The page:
Celebramos nuestro aniversario pensando el futuro

Este mes de noviembre CNE celebra sus 18 años. A través del tiempo hemos sido una voz sobria, balaceada y empírica en momentos de polarización e incertidumbre. Hablamos con rigor académico, independencia de criterio, y fuera de líneas político-partidistas. Ahora, hemos aceptado el reto que nos presentan los tiempos y nos lanzamos en una iniciativa de gran envergadura: la creación del CNE Growth Commission, un proyecto que busca impulsar una nueva conversación sobre cómo restablecer el desarrollo económico de largo plazo en Puerto Rico. Este mes, al celebrar nuestro aniversario, queremos recordar los hitos con los que hemos marcado camino, y reafirmar nuestra intención de seguir generando propuestas que provoquen una discusión pública robusta, y que ayuden a impulsar una nueva etapa de crecimiento económico sostenido para Puerto Rico.


Memo from a Working Group of the CNE Growth Commission to the Congressional Task Force on Economic Growth in Puerto Rico

Devising economic development opportunities should be one of the most pressing goals for both U.S. and local policy makers. In the following memo, a Working Group of the CNE Growth Commission charts a preliminary vision for addressing the deeper, structural constraints to economic advancement and for spurring economic growth.

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Plan Fiscal


Plan Fiscal

Por: Sergio M. Marxuach
Director de Política Pública
Centro para una Nueva Economía

La sección 201 de la “Puerto Rico Oversight, Management and Economic Stability Act” requiere que el gobierno de Puerto Rico prepare y presente a la Junta de Control Fiscal un plan fiscal a cinco años (como mínimo), para el gobierno central y cualquiera otra agencia o instrumentalidad gubernamental cubierta por dicha ley.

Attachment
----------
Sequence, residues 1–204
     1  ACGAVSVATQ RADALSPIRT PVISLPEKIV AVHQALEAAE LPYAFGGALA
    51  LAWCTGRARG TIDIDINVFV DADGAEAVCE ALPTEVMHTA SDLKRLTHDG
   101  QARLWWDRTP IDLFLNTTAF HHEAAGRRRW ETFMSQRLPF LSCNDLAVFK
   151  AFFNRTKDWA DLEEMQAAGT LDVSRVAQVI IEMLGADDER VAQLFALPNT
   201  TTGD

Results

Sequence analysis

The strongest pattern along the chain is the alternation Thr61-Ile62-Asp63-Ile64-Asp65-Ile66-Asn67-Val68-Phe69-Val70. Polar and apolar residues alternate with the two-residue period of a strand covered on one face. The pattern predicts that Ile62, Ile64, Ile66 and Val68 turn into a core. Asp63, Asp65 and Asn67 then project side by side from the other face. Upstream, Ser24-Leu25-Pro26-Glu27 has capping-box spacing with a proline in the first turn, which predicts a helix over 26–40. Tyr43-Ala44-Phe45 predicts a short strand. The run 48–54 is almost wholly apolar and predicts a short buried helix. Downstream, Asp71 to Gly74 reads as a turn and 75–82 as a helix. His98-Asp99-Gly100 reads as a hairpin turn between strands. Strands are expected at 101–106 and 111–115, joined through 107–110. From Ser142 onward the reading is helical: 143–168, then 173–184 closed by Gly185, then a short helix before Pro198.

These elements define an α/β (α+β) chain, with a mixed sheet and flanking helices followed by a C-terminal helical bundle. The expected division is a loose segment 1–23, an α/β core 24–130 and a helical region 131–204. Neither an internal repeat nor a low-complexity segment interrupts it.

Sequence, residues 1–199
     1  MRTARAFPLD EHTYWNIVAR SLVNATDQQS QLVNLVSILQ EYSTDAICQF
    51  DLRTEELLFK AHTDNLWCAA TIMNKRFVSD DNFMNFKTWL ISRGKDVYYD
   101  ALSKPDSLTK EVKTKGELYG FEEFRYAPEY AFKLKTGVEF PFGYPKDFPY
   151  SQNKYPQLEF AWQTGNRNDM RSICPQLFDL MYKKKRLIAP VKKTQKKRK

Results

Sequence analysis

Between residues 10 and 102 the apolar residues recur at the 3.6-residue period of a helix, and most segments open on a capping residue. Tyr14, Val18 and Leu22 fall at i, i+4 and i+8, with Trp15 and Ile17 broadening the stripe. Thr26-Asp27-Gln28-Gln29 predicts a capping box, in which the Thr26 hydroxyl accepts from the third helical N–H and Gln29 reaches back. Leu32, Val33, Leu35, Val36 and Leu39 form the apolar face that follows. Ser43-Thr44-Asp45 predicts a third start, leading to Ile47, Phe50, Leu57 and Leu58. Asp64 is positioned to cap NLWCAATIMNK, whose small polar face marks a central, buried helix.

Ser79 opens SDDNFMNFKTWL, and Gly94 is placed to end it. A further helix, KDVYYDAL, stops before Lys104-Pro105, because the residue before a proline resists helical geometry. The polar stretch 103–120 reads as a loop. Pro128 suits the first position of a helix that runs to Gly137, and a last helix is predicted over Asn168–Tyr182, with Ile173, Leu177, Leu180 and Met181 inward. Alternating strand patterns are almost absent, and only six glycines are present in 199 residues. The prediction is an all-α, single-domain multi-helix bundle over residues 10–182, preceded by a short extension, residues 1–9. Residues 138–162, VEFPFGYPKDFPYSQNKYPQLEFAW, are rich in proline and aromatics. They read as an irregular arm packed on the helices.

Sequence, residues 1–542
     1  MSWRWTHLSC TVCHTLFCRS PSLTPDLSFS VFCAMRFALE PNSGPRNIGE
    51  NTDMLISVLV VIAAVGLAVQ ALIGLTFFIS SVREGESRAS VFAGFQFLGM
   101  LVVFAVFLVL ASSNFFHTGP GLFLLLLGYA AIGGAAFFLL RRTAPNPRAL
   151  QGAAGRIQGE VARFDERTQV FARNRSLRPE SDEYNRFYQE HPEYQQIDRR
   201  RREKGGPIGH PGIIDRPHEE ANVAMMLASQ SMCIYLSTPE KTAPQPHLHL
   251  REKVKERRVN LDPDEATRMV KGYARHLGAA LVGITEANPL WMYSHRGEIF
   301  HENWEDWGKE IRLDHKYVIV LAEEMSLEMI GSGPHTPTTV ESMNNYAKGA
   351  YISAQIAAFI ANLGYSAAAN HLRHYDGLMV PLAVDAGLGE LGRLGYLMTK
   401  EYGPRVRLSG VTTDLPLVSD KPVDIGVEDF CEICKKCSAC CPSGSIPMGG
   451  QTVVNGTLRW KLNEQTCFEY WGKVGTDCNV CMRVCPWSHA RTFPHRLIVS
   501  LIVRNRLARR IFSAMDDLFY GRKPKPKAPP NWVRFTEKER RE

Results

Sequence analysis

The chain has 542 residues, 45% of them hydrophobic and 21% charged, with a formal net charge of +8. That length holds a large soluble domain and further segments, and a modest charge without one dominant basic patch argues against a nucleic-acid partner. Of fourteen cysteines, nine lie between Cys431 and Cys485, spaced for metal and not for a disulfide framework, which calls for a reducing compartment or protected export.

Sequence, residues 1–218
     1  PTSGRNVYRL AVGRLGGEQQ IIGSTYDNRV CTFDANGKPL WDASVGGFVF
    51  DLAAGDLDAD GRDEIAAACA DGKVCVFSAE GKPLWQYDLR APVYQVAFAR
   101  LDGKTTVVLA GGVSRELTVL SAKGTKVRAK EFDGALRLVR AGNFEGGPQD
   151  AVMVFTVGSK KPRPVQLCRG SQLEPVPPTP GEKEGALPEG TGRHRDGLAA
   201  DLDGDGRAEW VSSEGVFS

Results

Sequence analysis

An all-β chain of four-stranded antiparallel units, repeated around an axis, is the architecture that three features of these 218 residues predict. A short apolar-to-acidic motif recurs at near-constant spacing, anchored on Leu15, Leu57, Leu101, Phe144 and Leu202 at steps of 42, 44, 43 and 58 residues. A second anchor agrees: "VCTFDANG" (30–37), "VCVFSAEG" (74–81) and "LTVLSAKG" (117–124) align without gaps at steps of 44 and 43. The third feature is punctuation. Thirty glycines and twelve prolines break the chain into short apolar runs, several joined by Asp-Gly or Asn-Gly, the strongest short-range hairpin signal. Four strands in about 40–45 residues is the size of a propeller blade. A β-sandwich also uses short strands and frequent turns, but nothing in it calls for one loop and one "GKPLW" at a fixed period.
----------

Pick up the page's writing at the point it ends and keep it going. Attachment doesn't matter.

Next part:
Entre otras cosas, la sección 201(b)(1) exige que el plan fiscal: (1) asegure el financiamiento de los servicios públicos esenciales; (2) provea fondos adecuados a los sistemas de pensiones públicos; (3) provea para la eliminación de los déficits estructurales; (4) provea para un servicio sustentable de la deuda durante aquellos años que no este en efecto la suspensión de litigios bajo los títulos III o VI de la ley; (5) incluya un análisis de la sustentabilidad de la deuda; (6) provea para las inversiones y gastos de capital necesarios para promover el crecimiento económico; (7) adopte las recomendaciones “apropiadas” sometidas por la Junta al gobierno de Puerto Rico de acuerdo con la sección 205(a); y (8) respete las prioridades legales o los gravámenes legales, según sea el caso, en vigor con anterioridad a la aprobación de la ley. READ MORE